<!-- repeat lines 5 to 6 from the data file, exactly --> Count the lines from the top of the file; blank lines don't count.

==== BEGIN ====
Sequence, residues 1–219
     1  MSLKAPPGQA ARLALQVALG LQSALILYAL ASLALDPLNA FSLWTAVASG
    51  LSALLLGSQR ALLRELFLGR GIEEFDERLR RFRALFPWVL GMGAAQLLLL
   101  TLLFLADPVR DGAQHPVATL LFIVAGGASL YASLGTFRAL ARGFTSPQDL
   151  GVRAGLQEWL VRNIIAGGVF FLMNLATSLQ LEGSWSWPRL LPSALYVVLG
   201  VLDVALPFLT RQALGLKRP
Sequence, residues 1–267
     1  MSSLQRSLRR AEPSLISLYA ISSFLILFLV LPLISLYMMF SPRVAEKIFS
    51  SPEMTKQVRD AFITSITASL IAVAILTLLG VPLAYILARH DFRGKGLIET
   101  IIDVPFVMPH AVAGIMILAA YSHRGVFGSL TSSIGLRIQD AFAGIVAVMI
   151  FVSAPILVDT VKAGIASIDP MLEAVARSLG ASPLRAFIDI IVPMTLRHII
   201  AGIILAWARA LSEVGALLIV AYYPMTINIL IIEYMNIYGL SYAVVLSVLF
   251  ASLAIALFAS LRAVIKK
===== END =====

   151  GVRAGLQEWL VRNIIAGGVF FLMNLATSLQ LEGSWSWPRL LPSALYVVLG
   201  VLDVALPFLT RQALGLKRP